Just as it’s a good idea to look for a router that has enough bands to keep all the likely traffic in your business moving smoothly, it’s also a good idea to look for one with more than one WAN port. Why? Because the more machines you have trying to access the network through a single port, the more of a bottleneck you create, and the more pressure you put on a single point of failure. If for some reason your single WAN port goes kaput, that’s your whole business stranded with only the data-based internet of people’s individual smartphones. That’s what’s known as significantly sub-optimal – but it’s worth keeping in mind, because lots of manufacturers are quite happy to sell routers with just a single WAN port. Resist the temptation to buy them, unless your business is particularly small, you can lay your hands on a replacement almost instantly, or you really don’t have the cash to level up to a multi-WAN port option.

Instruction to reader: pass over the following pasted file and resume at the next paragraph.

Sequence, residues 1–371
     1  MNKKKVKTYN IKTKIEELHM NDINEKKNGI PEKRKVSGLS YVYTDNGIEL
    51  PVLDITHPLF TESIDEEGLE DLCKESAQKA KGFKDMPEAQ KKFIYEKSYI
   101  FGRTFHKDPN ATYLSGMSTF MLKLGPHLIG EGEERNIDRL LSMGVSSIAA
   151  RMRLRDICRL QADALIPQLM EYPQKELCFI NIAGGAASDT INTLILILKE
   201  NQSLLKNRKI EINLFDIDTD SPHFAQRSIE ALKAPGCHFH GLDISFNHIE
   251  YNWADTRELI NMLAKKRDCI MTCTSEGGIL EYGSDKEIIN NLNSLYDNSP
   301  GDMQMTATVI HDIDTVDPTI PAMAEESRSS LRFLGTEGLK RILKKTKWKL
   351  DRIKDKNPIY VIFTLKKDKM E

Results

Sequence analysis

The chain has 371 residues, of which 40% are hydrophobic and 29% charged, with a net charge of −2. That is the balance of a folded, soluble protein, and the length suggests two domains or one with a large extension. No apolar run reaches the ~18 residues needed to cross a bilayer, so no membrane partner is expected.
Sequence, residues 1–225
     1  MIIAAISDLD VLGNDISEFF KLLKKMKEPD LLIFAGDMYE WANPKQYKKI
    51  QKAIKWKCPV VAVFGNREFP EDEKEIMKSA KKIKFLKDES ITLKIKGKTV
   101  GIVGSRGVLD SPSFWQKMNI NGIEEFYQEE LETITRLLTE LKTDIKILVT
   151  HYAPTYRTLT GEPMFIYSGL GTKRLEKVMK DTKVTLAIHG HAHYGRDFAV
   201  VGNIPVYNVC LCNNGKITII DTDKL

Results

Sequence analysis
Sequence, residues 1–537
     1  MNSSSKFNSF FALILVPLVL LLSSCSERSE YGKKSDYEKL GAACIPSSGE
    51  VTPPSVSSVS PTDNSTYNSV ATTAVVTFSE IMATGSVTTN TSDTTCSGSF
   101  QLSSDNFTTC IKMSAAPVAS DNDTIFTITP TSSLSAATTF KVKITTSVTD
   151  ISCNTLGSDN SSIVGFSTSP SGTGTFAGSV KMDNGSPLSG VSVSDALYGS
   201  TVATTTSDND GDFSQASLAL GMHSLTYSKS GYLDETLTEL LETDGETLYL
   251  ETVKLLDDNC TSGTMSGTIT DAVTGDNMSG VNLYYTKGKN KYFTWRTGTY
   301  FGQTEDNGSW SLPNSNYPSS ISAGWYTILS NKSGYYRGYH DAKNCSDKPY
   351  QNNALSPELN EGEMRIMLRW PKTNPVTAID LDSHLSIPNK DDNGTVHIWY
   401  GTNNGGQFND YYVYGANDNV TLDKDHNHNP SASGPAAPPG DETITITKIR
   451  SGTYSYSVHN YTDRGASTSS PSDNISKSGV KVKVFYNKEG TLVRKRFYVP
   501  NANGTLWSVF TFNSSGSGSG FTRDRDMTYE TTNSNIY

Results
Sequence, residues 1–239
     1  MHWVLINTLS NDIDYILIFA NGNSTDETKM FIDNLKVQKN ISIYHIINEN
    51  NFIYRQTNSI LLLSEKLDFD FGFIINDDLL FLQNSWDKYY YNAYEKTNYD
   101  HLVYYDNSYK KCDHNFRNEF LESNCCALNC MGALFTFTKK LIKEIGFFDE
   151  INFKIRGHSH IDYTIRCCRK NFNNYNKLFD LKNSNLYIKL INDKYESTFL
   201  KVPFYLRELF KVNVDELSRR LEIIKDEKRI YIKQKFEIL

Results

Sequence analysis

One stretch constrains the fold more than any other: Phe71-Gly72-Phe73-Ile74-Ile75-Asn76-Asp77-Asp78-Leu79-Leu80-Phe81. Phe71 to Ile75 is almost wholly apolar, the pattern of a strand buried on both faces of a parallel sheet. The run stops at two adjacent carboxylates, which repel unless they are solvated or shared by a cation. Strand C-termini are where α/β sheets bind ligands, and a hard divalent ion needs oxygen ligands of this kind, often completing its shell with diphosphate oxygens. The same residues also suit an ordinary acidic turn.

In routers, it’s OK to be a speed-freak.
There’s an old saying – “Sometimes, more isn’t better – sometimes, it’s just more.” That’s homely and sweet and applies in no sense whatsoever to speed when it comes to your router-buying journey. There is literally no business in existence that opted for slow connection through anything other than economic imperative. Get the fastest, most modern router you can afford. Don’t even think about going for second-hand, it’s the falsest of false economies. Look for a router that can handle the latest standards like 802.11. 802.11n is a good baseline but if you can afford it, go for something like the 802.11ax, which should give you all the speed you could possibly need in a home or small business router.